Hag of the Hills is a historical fantasy novel set in 200 B.C. on the Isle of Skye, steeped in Celtic mythology and culture.

Book Review – Scarred by Damien Linnane

I was excited to step into Blackthorn Book Tours latest tour!

Scarred – The Blurb

There were five now. The mugger, the sex offender, the wife-beater, the drug-dealer. And of course, Peter. Jason hadn’t needed a gun to kill Peter.

Jason Ennis doesn’t understand why the world is such a confusing place. Why it’s so difficult to read between the lines, so hard to understand what people want, such a struggle to fit in. Not that he isn’t trying as he works a dead-end job and chips away at a degree that’s going nowhere.

But good things come to those who wait. Sometimes, when he least expects it, he gets a chance to make a real difference. To make the world a better place. By removing someone else from it. Someone who doesn’t fit in with his standards of behaviour, someone who reminds him of how they scarred him as a child.

My Review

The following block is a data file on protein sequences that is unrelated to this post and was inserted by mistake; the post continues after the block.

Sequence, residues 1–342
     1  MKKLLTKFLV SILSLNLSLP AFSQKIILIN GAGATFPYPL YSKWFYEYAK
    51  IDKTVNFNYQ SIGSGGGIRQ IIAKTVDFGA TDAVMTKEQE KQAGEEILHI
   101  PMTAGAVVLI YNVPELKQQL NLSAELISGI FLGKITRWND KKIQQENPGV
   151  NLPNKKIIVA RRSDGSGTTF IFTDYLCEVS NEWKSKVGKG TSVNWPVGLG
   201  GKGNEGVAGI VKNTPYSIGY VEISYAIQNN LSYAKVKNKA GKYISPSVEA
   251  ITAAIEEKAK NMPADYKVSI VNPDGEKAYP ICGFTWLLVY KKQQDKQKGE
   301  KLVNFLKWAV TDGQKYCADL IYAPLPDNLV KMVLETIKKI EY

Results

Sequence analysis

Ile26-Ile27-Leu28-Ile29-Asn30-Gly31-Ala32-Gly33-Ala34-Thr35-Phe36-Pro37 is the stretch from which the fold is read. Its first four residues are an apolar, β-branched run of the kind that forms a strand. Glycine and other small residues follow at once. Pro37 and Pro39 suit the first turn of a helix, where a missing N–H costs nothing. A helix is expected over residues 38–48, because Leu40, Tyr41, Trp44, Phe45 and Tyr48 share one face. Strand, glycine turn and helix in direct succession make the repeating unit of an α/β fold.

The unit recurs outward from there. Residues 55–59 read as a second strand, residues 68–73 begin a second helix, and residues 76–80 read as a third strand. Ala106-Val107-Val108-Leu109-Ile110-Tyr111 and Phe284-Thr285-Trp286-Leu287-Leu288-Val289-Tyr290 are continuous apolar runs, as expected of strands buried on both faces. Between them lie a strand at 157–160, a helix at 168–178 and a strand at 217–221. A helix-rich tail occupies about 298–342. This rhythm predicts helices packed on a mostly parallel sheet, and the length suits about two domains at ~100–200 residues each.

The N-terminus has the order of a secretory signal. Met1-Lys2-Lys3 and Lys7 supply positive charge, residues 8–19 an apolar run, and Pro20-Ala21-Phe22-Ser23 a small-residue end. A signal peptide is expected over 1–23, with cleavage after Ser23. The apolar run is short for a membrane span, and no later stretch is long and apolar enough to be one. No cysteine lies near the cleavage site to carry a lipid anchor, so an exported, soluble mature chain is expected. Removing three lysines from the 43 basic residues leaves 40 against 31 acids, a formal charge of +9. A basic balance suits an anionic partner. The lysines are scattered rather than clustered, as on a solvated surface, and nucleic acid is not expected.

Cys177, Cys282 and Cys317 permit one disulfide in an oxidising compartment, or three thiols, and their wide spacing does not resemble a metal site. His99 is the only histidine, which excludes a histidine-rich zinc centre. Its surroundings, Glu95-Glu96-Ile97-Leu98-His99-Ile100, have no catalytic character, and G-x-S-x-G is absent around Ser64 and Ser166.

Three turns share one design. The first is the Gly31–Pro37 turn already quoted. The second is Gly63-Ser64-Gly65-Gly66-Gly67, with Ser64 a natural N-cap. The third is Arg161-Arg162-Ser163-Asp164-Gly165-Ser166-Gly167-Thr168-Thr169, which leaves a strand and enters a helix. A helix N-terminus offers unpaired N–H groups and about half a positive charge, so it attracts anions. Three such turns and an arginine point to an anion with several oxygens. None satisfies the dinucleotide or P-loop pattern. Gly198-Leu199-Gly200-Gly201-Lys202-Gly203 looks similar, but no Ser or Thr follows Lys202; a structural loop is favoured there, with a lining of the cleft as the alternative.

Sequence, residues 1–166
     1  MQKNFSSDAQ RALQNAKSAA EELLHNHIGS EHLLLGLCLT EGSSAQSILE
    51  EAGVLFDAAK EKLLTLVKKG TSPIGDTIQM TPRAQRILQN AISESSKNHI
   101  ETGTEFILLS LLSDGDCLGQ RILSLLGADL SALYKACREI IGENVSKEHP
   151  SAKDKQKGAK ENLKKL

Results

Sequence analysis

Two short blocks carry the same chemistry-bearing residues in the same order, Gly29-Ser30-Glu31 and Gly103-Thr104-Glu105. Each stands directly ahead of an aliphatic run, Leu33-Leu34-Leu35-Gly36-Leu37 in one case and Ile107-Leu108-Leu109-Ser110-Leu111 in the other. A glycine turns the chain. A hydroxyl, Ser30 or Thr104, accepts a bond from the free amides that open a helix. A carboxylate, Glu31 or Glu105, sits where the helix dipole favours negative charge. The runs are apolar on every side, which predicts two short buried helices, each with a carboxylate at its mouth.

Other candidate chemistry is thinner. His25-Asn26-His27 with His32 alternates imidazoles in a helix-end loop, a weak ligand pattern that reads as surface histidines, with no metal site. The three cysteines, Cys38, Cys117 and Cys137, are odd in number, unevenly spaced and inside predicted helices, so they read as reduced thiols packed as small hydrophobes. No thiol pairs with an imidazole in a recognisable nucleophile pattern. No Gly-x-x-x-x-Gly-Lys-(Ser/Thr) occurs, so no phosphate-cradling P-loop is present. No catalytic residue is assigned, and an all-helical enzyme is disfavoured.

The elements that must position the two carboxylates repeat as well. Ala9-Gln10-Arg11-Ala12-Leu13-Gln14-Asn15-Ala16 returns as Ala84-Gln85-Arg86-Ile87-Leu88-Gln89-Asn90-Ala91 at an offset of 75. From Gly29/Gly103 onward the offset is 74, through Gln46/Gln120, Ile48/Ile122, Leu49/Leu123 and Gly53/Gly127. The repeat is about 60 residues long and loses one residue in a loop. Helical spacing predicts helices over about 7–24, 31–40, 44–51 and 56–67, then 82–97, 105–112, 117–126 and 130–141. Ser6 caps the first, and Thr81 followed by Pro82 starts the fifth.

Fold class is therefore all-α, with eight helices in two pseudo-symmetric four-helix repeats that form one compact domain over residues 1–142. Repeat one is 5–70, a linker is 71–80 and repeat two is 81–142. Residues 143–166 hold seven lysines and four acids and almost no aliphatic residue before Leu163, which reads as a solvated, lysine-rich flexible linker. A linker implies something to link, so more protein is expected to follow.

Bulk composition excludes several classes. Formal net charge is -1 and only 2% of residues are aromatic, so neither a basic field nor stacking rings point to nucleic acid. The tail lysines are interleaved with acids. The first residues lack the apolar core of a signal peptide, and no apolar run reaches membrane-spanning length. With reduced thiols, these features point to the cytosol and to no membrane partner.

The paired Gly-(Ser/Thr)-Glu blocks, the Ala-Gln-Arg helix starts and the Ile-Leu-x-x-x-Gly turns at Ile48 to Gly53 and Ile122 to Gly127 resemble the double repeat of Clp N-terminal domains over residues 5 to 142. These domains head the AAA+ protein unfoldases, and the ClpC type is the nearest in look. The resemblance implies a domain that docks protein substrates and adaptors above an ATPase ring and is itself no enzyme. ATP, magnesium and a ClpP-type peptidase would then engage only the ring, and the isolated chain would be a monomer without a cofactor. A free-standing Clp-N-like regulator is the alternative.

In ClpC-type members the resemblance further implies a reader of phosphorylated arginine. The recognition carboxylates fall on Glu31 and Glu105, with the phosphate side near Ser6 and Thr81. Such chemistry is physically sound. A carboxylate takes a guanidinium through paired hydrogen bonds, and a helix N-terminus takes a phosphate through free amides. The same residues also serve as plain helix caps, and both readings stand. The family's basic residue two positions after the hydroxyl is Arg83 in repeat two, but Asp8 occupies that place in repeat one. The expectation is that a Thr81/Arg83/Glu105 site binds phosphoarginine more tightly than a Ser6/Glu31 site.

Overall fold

Serial killers always bother me a bit in novels. I prefer a novel where one person gets killed and you’ve got to figure out who did it. Or you know who the murderer is going to be and the question is whether the police can stop him before he does it. But with serial killer books you just go on and on one after the other and it gets a bit wearing till you’re banging your head on the wall telling the cops to hurry up and get a move on because really you’ve had enough of blood and gore and you’re looking at the page numbers wishing it was a novella not 460 pages… That is how I felt for the first 50 pages anyway but after that this novel got under my skin and I started to see things through the eyes of the characters and then I was rivetted and couldn’t stop reading. It’s gritty it’s noir it’s urban it’s got tremendous pace but also makes you think. There are a lot of changes of POV so it keeps you on your toes. And it really gets tight and edge of your seat because you can see that all the characters are driven by their own history which can’t be changed so none of them change the way they are so it all has a bit of inevitability. One of the serial killers is quite sympathetic if you ignore the brutal way he kills people! You care about him more than you care about the victims which is a bit of a problem I suppose but it’s all cleverly done the way the author pulls you inside this character’s head. By the final scenes I was rocking on my seat glued to the kindle wondering which of the characters were going to end up dead. Clearly they weren’t all going to make it out alive and it began to dawn on me that maybe none of them would. No spoilers. It’s a great read.